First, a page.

Exploring economies of memory in an age of global capitalism
Photo by Ella Dreyfus
Terri Tomsky is an Assistant Professor in the Department of English and Film Studies at the University of Alberta. Her research examines memory politics in postcolonial and post-socialist literatures. Her essays on cultural memory, trauma, postcolonial studies, and human rights have appeared in The Journal of Commonwealth Literature, Life Writing, parallax, Biography, and various book collections. Her current book project theorizes the interplay of cosmopolitanism and abjection within the context of global terrorism, and focuses in particular on the figure of the enemy combatant. She is also the co-editor, with Eddy Kent (University of Alberta) of Negative Cosmopolitanism (McGill-Queen’s University Press, forthcoming), a volume of essays which investigate the relationship between cosmopolitanism, neoimperialism, and the unequal effects of a globalized political economy.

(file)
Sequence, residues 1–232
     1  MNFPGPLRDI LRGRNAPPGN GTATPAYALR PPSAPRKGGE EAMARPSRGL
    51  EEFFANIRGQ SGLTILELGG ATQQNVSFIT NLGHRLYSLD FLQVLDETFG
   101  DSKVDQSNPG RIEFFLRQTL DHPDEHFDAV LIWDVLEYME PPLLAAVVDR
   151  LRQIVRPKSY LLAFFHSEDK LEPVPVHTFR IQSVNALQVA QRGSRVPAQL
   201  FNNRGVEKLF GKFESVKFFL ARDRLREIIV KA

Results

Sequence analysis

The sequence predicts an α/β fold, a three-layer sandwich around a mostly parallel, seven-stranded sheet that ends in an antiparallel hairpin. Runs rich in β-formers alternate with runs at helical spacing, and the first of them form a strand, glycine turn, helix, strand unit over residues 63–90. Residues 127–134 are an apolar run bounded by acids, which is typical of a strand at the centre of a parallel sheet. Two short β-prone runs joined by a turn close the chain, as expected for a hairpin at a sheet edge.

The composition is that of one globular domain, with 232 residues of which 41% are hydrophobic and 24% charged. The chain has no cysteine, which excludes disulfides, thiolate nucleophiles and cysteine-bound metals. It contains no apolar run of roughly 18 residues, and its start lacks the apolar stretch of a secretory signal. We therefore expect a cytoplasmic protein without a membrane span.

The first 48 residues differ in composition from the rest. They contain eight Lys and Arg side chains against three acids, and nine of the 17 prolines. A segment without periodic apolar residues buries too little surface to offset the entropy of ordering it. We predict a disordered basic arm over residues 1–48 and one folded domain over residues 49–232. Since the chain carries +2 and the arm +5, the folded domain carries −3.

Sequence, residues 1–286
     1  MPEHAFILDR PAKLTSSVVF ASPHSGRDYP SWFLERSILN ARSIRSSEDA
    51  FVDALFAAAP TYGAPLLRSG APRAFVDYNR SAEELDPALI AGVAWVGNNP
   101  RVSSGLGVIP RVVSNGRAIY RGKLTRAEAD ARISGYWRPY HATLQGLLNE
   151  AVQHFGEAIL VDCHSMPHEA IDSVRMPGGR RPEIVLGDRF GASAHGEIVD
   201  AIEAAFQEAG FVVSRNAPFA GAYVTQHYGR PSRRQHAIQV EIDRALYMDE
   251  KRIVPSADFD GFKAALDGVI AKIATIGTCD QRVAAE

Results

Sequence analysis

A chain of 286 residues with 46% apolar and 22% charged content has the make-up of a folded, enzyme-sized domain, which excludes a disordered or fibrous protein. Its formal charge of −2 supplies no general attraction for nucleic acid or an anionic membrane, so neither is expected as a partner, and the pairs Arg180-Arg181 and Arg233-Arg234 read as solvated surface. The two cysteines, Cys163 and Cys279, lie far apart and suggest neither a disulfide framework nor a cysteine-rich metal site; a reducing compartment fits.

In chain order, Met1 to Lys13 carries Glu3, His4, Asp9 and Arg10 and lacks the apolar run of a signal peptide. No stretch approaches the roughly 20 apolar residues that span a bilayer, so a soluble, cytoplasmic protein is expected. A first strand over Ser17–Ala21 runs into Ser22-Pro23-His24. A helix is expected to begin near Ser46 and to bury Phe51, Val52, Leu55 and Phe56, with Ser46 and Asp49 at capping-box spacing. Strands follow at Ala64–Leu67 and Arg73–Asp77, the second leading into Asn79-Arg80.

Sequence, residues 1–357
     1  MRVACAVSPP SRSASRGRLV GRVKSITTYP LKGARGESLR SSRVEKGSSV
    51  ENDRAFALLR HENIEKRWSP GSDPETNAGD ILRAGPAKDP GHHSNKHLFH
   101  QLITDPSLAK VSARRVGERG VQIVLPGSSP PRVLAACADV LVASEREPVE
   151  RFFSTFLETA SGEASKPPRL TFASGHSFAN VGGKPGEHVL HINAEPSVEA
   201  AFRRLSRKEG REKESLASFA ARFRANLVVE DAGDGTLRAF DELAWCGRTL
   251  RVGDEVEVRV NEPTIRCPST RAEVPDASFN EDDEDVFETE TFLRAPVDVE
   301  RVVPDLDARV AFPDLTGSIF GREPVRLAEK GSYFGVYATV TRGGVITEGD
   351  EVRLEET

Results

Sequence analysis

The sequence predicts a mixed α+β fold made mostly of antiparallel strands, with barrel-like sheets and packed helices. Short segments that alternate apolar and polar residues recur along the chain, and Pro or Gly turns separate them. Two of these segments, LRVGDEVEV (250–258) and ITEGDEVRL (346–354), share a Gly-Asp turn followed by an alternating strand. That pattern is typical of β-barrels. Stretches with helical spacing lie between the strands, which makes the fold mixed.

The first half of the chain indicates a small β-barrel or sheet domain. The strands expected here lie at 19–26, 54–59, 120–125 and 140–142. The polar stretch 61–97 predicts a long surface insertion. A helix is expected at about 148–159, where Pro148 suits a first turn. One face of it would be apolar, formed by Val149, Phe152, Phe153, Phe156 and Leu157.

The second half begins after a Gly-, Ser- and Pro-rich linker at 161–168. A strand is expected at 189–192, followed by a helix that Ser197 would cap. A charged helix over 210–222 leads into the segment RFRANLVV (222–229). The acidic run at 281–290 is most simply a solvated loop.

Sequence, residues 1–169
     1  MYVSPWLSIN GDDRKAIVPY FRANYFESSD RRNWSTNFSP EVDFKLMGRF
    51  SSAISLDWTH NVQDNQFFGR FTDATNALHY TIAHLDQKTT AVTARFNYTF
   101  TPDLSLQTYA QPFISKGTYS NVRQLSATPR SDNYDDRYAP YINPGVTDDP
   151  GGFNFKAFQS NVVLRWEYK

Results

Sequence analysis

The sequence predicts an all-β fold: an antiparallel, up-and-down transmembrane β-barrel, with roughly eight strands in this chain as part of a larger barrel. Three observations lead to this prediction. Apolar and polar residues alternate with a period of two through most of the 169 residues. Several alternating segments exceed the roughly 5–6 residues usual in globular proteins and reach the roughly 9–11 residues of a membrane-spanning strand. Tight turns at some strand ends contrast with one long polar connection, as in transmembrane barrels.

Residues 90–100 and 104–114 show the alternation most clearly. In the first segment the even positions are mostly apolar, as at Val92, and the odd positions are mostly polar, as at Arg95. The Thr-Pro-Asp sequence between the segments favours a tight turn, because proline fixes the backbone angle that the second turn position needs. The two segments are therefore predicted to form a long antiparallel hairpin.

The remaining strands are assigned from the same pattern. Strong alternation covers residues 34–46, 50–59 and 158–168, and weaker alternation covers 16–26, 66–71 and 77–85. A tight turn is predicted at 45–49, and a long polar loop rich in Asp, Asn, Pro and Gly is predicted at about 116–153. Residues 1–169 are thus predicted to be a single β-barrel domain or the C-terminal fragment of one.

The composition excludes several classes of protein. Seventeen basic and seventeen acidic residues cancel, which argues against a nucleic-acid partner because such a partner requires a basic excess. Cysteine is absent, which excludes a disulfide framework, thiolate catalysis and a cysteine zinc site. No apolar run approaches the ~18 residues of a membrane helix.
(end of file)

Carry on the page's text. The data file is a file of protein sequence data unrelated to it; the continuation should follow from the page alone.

Susanne Luhmann is Associate Professor and Chair of the Department of Women’s and Gender Studies at the University of Alberta. She publishes on a range of different topics in sexuality studies, queer and feminist pedagogy, the institutionalization of Women’s and Gender Studies, as well as German cultural memory. Her work has appeared in journals such Topia, Yearbook of Women in German, and New German Critique and she is a co-author of Troubling Women’s Studies: Pasts, Presents, Possibilities (2004). Luhmann is currently completing a book manuscript tentatively entitled Domesticating the Nazi Past: Gender, Generation and the Familial Turn in Recent German Memory, which studies the ways in which various cultural forms (autobiography, documentary film, museum’s exhibits) restage, recover, and narrate legacies of Nazi perpetration from within the space of private and family life.